UP -- BP, formerly known as British Petroleum, followed through on an expensive promise. About a year ago, the company pledged $4 million to help create San Juan College's School of Energy, a $15 million project. They promised to provide an additional $1 million if the San Juan College Foundation could raise $3 million. It did and Tuesday, BP presented a check at the San Juan College board meeting. The school provides an entryway into an industry with jobs with good pay. We appreciate BP's support of an institution that has the power to improve the lives of the region's residents.


DOWN -- A man convicted of ripping off a family hospitalized after a propane tank exploded at their home is forcing prosecutors to prove he committed previous crimes that could lengthen his sentence. Eric John Bernard and two co-defendants broke into the home in Colorado after reading about the family's plight in a newspaper, showing what could be described as sociopathic opportunism. Bernard's record includes six felony charges stretching back to 2000. That dismal history could result in an enhanced sentence of up to 38 years in prison for his last conviction. No wonder he's working the system.


UP -- Devonne Blackhorse is raising her voice -- in song. The Farmington High School student was one of three New Mexico students chosen by the National Association for Music Education to perform with the All-National Honors Ensembles. She will join about 370 other mixed-choir standouts in a performance scheduled for the end of October in Nashville, Tenn. She said she was nervous about applying for the honor. She overcame that fear and succeeded, which provides an example for everyone -- young and old -- wondering whether to take a chance at doing something great.


DOWN -- The San Juan County Commission and the Farmington City Council are going opposite directions on a proposal to meet U.S. Environmental Protection Agency requirements intended to control power-plant generated haze in the Four Corners. We believe this is not so much a disagreement as just taking different angles on a bad situation. The EPA's original plan would have cost as much as $1 billion and could have shuttered the San Juan Generating Station. The revised plan local officials were voting on (county officials supported it and city officials opposed it) is less expensive and will close only a part of the plant. Both plans are expected to result in the loss of jobs and more damage to the local economy.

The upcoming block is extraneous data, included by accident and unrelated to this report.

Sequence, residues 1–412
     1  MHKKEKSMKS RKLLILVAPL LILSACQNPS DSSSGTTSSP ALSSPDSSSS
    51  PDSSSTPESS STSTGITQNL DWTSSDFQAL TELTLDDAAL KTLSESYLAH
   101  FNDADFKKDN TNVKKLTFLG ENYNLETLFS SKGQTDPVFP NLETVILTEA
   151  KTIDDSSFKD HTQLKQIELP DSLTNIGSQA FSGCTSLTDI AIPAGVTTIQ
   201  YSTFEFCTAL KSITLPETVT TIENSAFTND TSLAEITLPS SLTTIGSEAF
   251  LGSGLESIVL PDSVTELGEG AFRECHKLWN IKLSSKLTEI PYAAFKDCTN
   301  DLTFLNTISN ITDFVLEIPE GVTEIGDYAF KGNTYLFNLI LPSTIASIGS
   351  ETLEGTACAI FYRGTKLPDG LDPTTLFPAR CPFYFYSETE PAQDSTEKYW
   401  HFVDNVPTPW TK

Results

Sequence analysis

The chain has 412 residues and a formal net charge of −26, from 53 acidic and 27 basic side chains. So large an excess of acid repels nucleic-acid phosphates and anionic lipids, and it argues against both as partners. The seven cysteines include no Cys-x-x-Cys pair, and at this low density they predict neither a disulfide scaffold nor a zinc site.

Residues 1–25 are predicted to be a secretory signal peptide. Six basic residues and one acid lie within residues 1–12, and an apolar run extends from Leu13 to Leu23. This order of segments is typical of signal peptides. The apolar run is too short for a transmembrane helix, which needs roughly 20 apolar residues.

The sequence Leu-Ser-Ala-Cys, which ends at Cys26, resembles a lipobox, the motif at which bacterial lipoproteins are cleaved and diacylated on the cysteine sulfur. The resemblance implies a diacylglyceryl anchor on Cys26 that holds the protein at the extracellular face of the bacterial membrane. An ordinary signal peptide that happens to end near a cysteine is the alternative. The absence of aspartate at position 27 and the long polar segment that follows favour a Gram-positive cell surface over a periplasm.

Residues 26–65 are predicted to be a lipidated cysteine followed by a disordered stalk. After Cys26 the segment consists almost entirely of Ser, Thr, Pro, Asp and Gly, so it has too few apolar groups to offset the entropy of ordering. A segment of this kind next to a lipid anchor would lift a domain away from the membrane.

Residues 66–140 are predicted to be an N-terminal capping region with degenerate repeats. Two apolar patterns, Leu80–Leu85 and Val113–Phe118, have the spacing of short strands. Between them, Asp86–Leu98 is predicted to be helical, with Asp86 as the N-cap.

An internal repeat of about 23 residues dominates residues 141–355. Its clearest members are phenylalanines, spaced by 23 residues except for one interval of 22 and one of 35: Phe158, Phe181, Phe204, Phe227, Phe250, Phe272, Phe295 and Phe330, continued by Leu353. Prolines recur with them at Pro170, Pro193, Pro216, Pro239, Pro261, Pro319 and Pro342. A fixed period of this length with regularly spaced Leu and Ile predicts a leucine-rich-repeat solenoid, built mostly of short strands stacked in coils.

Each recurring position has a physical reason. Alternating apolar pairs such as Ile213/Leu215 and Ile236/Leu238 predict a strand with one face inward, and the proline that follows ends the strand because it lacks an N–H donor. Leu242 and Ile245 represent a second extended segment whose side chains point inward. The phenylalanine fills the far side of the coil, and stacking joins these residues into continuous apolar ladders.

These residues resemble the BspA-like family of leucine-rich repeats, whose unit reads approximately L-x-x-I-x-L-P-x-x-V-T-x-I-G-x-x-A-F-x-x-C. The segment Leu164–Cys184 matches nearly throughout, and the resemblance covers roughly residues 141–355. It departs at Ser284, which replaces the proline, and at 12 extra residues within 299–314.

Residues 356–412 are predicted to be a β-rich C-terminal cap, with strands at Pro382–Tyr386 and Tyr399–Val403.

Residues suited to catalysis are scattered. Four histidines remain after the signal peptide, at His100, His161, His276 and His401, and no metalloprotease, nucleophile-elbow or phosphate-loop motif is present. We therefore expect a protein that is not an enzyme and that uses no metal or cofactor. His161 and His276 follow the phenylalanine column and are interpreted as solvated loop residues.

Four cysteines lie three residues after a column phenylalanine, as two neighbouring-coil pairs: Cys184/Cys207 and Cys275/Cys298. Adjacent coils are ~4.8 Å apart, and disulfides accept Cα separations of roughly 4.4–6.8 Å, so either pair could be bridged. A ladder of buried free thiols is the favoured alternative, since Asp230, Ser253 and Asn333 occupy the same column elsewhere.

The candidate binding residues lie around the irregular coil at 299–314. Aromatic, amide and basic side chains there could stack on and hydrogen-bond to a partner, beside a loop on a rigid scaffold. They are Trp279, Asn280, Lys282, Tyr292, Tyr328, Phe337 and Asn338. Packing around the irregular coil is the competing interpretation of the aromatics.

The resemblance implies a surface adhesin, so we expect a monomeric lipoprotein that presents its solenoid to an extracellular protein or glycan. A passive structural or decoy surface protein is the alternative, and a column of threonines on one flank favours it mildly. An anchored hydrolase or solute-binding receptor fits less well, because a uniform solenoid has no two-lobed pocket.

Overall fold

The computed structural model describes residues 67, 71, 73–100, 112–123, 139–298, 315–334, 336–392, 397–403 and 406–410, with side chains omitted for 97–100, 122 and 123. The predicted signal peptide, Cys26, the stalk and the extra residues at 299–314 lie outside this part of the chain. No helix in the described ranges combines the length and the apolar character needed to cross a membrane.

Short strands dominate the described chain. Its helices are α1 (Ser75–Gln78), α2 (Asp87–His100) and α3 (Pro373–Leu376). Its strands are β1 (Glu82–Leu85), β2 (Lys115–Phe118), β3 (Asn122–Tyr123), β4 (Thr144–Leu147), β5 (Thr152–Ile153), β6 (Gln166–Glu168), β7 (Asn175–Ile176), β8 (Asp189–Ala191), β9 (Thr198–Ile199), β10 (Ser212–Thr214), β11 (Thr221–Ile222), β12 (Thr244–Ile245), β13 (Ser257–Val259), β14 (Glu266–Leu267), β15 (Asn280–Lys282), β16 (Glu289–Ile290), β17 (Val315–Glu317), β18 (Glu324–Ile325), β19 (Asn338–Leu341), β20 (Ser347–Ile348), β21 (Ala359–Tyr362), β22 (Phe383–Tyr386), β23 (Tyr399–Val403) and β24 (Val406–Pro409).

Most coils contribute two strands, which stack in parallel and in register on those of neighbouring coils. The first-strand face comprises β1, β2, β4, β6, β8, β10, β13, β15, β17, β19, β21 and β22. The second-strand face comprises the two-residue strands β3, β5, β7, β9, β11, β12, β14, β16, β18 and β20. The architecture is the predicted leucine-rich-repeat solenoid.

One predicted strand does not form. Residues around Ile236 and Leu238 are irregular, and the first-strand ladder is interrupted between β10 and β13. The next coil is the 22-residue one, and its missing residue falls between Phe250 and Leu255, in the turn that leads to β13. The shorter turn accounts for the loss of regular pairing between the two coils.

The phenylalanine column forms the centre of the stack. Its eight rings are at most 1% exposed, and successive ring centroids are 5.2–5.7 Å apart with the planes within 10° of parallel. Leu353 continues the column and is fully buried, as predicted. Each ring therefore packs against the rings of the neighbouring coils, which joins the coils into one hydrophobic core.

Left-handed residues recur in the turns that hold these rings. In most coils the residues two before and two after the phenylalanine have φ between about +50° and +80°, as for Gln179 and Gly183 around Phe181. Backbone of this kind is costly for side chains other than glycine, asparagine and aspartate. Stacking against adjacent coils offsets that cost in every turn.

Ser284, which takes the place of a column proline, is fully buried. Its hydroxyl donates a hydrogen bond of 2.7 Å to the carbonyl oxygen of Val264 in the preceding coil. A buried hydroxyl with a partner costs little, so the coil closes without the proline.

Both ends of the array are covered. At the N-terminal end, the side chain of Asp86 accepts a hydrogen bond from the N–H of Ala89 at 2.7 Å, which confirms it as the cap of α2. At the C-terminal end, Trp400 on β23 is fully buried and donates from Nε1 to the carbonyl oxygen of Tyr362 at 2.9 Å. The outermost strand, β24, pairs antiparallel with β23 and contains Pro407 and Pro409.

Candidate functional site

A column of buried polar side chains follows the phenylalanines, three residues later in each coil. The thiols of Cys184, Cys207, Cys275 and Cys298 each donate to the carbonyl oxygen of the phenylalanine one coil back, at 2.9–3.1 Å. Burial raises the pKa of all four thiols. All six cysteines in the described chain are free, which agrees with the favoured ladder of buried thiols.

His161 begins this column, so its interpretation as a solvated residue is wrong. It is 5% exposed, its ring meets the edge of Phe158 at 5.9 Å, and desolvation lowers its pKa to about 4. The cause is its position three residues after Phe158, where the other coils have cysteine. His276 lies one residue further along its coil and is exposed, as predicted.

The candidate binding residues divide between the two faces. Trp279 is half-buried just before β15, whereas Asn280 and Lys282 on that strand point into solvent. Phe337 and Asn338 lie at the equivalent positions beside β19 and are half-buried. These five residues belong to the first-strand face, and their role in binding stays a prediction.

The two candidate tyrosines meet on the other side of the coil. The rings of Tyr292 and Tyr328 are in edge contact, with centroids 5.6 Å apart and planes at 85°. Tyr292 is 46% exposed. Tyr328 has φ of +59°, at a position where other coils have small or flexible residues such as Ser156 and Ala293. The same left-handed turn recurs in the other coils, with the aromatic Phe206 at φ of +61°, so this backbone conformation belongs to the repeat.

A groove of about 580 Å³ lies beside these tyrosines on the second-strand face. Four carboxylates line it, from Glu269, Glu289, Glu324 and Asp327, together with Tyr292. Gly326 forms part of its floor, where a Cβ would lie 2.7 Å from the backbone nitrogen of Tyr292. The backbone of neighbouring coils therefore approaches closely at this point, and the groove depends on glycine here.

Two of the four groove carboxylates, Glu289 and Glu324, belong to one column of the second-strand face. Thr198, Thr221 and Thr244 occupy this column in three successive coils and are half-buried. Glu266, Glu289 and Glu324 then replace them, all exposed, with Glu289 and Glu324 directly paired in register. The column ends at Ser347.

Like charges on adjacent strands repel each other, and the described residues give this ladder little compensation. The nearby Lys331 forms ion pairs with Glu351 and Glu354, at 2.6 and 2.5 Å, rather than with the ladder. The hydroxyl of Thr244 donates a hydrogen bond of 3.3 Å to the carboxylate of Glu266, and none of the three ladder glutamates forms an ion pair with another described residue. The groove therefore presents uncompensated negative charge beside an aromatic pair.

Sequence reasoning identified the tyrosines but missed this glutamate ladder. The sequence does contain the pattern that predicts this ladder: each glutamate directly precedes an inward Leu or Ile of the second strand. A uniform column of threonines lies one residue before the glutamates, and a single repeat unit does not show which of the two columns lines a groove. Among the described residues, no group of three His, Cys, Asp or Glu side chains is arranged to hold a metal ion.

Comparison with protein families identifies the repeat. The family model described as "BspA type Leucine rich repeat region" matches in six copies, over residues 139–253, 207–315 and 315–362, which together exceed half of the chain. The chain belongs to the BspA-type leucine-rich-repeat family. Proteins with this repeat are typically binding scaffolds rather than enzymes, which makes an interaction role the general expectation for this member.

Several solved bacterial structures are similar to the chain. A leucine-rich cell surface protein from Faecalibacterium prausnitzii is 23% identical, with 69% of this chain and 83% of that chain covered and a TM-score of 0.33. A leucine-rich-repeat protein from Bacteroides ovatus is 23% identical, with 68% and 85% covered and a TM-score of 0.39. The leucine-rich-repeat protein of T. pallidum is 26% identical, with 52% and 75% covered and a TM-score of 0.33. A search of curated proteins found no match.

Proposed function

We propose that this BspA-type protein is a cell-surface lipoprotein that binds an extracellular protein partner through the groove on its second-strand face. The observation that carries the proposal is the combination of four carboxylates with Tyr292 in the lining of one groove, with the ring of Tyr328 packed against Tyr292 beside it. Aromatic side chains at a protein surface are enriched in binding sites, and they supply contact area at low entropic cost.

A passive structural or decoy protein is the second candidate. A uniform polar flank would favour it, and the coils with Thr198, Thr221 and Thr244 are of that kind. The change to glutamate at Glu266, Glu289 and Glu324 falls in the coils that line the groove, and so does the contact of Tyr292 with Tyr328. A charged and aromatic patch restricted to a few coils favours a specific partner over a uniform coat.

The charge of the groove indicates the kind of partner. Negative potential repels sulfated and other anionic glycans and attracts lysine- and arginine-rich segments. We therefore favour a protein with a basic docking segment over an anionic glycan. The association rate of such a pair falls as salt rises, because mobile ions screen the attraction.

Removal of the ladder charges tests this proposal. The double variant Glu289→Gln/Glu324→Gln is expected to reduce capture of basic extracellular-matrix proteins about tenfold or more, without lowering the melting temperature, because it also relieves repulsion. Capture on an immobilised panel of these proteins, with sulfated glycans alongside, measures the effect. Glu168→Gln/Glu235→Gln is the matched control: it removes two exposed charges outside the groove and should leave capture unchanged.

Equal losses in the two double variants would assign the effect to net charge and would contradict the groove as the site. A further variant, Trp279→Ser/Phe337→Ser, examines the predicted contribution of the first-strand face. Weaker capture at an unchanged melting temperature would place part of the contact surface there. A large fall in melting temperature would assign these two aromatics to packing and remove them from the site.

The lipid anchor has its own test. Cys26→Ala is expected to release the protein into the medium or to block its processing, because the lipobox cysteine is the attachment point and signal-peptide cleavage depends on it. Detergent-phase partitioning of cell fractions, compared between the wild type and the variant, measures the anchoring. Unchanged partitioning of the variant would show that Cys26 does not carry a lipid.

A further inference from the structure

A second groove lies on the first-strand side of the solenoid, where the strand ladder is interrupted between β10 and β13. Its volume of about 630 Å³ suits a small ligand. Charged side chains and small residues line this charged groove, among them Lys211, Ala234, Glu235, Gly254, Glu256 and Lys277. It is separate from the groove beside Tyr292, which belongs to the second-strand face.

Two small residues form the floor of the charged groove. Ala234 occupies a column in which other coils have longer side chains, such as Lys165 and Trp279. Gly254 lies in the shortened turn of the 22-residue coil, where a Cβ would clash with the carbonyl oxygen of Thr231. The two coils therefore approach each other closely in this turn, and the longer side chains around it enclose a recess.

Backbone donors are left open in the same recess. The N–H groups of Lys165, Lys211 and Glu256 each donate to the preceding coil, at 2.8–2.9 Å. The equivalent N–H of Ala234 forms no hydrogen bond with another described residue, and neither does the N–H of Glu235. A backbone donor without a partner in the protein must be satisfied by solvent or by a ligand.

UP -- The Totah Festival was full of color, mesmerizing rhythms and beautiful works of art -- much of it emanating from deep cultural and religious traditions. Celebrations of the Navajo and other Native American culture were there for anyone to share. Farmington's relations with the Navajo Nation have been strained at times, but that was not in evidence Saturday during the dancing, dining and interaction over tables filled with some exquisite and, in some cases, spiritual art. We see this as a high point in the region's event calendar.


DOWN -- A San Juan County man with six drunken driving convictions is challenging a seventh conviction for a 2009 accident that killed a motorcyclist. The state Court of Appeals last year reversed the conviction -- which led to a 25-year prison sentence -- on a what some might say is a technicality. Now the case goes to the New Mexico Supreme Court. Calvin Finch did not deny he was driving. But Sheriff's deputies allowed Finch's girlfriend to drive him to the hospital for a blood-alcohol test. Finch says his girlfriend stopped by her house where he drank enough peppermint schnapps to result in a 0.13 reading. This kind of incident just proves that New Mexico has a long way to go in dealing with its drunk driving problem.